I wouldn’t bet on Bernie losing much ground. Perhaps down to 28%, but there’s no indication Warren is going to start surging and pull voters back from him. Her campaign is already taking as though they aren’t expecting much, mentioning another 55 states and territories vote after New Hampshire. Yang didn’t get the momentum out of Iowa that would turn a Bernie Bro into a Yang Gang member.
Five percent of New Hampshire Democratic primary voters are all about Tulsi Gabbard. Data shows many of them voted for Donald Trump in November 2016. They’re not moving. Her audience is limited, but dedicated.
Depending on what poll you prefer, Tom Steyer might have a few voters to donate to Buttigieg. We don’t have any data on who else Steyer voters like, but some must have jumped to Mayor Pete in Iowa or he wouldn’t have picked up as many votes as he did on the final alignment. They won’t go to Bernie if they haven’t already done so.
Where does this leave us?
In pretty good shape if you’re the Buttigieg campaign. Catching Sanders isn’t that hard, and it feels like a 50/50 shot right now. All he needs is to convert some of the remaining undecideds, pull a couple percent from Klobuchar, a couple percent from Biden, and a percent or two from Warren. We already know from Iowa that those voter groups are willing to choose him if necessary. As popular as Sanders is in New Hampshire, there are still plenty of voters who think he’s far too left to win and/or far too left for their tastes if he did win.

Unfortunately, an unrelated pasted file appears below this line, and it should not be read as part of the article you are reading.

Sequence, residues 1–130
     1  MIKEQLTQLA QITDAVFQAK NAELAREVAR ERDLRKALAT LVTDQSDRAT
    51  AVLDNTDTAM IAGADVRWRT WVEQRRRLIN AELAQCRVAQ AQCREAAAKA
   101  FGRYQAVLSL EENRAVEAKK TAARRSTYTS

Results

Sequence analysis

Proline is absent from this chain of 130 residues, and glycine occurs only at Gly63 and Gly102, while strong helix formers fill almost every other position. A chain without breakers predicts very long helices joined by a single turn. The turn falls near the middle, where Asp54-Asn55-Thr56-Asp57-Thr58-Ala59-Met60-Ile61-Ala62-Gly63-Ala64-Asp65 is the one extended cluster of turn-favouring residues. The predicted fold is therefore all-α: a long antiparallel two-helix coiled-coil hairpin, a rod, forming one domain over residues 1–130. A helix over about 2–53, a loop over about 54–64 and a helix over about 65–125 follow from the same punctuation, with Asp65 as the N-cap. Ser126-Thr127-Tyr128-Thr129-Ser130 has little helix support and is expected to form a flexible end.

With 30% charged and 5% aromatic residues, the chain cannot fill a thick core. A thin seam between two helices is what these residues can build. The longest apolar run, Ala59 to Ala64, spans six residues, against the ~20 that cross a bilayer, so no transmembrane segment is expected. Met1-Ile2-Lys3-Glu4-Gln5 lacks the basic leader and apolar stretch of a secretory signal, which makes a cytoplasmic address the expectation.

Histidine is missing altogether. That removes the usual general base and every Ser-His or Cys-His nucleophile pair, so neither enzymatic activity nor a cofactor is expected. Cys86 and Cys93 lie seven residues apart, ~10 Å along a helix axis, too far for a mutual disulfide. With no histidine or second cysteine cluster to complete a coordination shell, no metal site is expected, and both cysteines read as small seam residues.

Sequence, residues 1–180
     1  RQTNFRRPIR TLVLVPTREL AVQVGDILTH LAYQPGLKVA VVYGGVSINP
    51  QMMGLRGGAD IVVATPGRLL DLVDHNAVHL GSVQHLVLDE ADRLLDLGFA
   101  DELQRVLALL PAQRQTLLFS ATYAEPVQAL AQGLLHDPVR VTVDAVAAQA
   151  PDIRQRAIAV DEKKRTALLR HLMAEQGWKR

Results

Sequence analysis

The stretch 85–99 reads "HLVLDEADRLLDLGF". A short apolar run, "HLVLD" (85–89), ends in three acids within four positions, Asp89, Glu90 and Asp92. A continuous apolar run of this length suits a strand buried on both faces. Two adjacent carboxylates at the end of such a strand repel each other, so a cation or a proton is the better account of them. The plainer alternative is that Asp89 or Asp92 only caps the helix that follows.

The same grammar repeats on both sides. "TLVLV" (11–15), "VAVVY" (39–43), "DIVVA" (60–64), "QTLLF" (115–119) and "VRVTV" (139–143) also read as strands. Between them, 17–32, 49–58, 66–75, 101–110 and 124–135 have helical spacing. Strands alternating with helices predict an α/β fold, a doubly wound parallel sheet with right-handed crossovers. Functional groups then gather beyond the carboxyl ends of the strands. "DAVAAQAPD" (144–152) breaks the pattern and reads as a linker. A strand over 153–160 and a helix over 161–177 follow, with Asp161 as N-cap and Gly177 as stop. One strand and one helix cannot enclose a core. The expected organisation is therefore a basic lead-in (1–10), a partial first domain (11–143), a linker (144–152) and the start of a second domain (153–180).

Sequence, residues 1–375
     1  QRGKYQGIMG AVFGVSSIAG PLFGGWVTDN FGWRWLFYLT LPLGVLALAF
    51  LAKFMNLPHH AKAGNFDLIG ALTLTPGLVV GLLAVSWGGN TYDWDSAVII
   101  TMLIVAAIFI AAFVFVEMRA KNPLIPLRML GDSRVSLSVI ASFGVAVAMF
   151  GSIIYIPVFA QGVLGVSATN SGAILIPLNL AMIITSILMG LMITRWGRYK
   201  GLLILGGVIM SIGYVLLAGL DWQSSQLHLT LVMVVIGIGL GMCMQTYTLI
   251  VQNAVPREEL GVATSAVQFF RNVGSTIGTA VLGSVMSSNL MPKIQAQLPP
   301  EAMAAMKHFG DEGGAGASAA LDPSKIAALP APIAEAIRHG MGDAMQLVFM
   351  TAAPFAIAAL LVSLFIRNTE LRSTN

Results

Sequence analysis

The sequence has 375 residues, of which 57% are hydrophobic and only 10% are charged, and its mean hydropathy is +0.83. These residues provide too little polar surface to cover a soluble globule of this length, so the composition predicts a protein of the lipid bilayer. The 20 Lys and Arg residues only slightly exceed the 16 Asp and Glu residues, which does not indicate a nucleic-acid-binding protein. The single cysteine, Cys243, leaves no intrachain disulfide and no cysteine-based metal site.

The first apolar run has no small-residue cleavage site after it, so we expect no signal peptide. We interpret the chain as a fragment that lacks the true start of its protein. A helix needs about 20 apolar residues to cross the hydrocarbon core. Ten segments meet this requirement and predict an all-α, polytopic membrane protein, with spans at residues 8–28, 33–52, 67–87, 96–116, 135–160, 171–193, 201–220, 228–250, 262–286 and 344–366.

The best arrow in Buttigieg’s quiver is the John Kasich vote. In previous years, John McCain benefited from these same individuals. Roughly a third of New Hampshire voters are Democrats, a third Republican, a third Independent. Unlike Iowa, where you need to change your registration at the caucus door to participate if not already a registered Democrat, New Hampshire Independents can do whatever they want.
And in 2020, that’s probably not casting a protest vote for Bill Weld in the GOP primary. I don’t mean to suggest the whole lot of non-affiliated voters are pro-Pete. This includes some Sanders supporters who, like him, think Democrats are too conservative. Gabbard voters are in here too. But there’s a good chunk of centrist support, and these voters regularly decide New Hampshire primaries.
The other candidates are going to make him earn this. Buttigieg will get more incoming during Friday’s debate than all the previous episodes combined. Joe Biden is fighting for what’s left of his political life, and he’s not going to let some kid take his place without a tussle. Klobuchar has no margin for error. She’ll unload on him too. But if you had asked him a year ago if he’d take this positioning today as a guaranteed outcome, or take his chances, he would have grabbed this in a millisecond.
Even a victory won’t make him the nomination favorite. A strong showing in Nevada is necessary before he’s truly taken seriously as a front-runner. But a 38-year-old, openly gay, ex-mayor of a small Indiana city is on the doorstep of becoming a back-to-back winner. There were many casualties of the Iowa meltdown, but Pete Buttigieg wasn’t one of them.